The Wild's 'stakeholders' -- their fans -- expect nothing less than that. And if that's not Managing Expectations™, then I don't know what is.

I'll be at the 'X' next Sunday for a look at Minnesota's hockey future. So far, the future looks very good. See you there!


Friday, July 3, 2009

Free agency so far


It's about 7 p.m. EDT on Friday, the third day of free agency. Most of the major free agents have signed, with winger Alex Kovalev and defenseman Francois Beauchemin still available along with plenty of other quality players, including center Saku Koivu, much to the dismay of Wild fans.

A look at what the Wild and Penguins have done so far:

winger Martin Havlat, defensemen Greg Zanon and Shane Hnidy
Losses: winger Marian Gaborik (Rangers)
Remaining wish list: center Saku Koivu, possibly another winger and/or defenseman

Analysis: Overall, I think the Wild has fared fairly nicely. Gaborik was unlikely to return and Chuck Fletcher didn't take long to find a replacement in Havlat. Gaborik is the more explosive of the two, but Havlat is still a quality player who will put up numbers - if he stays healthy. He played 81 games last season, the most in his career and the first time he's appeared in over 68 games since his second year in the league when he made 72 appearances with Ottawa back in 2001-02. And if Gaborik runs into health issues on New York's ice - as Michael Russo Wild Road Tripper believes - this could end up being an upgrade.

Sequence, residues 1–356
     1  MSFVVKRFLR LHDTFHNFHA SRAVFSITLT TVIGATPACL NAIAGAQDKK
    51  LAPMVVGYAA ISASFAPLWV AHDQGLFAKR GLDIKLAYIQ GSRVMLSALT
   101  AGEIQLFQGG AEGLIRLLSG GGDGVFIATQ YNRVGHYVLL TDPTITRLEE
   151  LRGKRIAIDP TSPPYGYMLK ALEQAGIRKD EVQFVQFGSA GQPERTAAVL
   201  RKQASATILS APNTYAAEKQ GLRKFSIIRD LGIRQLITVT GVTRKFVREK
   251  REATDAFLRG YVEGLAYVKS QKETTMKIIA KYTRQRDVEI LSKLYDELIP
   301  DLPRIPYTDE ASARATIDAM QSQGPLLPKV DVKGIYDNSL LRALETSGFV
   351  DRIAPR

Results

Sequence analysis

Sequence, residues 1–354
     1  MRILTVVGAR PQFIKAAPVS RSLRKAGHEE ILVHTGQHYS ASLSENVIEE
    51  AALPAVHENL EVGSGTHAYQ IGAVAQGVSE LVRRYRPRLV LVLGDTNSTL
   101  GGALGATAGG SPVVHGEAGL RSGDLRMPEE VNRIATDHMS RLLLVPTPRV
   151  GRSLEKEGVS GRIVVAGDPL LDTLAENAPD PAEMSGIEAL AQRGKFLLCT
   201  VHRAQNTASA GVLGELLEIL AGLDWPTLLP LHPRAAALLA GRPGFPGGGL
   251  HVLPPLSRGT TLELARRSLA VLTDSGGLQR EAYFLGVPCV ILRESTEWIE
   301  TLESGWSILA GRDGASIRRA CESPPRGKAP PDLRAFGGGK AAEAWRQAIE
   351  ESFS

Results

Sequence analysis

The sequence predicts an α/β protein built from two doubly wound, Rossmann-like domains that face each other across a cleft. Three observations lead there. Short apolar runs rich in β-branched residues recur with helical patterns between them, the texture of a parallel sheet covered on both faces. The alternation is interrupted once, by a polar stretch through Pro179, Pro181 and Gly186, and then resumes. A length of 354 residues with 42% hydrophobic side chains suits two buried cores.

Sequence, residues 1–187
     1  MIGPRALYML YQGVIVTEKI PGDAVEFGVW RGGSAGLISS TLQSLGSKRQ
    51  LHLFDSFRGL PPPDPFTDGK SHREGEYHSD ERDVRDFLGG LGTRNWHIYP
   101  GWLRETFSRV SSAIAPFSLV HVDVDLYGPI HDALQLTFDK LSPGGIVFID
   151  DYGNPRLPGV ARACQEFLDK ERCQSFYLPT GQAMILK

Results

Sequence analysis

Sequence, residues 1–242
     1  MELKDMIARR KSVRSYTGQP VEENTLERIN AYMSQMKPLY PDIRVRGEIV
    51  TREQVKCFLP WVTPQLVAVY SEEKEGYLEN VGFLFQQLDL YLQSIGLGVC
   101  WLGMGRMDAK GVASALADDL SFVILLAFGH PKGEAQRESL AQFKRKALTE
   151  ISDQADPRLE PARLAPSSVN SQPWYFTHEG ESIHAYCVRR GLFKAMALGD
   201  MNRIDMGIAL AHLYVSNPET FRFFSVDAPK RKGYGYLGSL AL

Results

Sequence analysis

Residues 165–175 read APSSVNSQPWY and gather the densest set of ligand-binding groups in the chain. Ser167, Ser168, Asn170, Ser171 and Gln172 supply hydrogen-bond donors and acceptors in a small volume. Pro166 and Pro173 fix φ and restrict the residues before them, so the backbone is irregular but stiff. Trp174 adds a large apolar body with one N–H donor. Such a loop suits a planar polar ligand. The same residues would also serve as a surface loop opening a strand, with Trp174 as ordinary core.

Zanon might best be described as a poor man's Rob Scuderi - but I mean that literally. Zanon might be Scuderi's equal or even better in terms of defensive play, shot blocking and penalty killing, but Scuderi's contract will pay him quite a bit more than Zanon's. I'm actually a little jealous; I wanted Zanon as Scuderi's replacement if Missile left (which he did).

Hnidy is one tough SOB who will likely slot into Minnesota's 5/6 spot. Relatively minor signing, but a necessary addition to bolster the defense.

Minnesota might not be done. If Koivu doesn't sign, Fletcher might go after a winger or explore trade options. Steps in the right direction for Fletcher. This doesn't make the Wild a Cup contender but one-year fixes aren't easy to do. The Rangers delve into free agency and hand out rich contracts all the time, and it hasn't gotten them much in the last 15 years. Fletcher can't change the team's fortunes with the 16th overall pick and one free agency period, so it's more than a little premature to call for his head.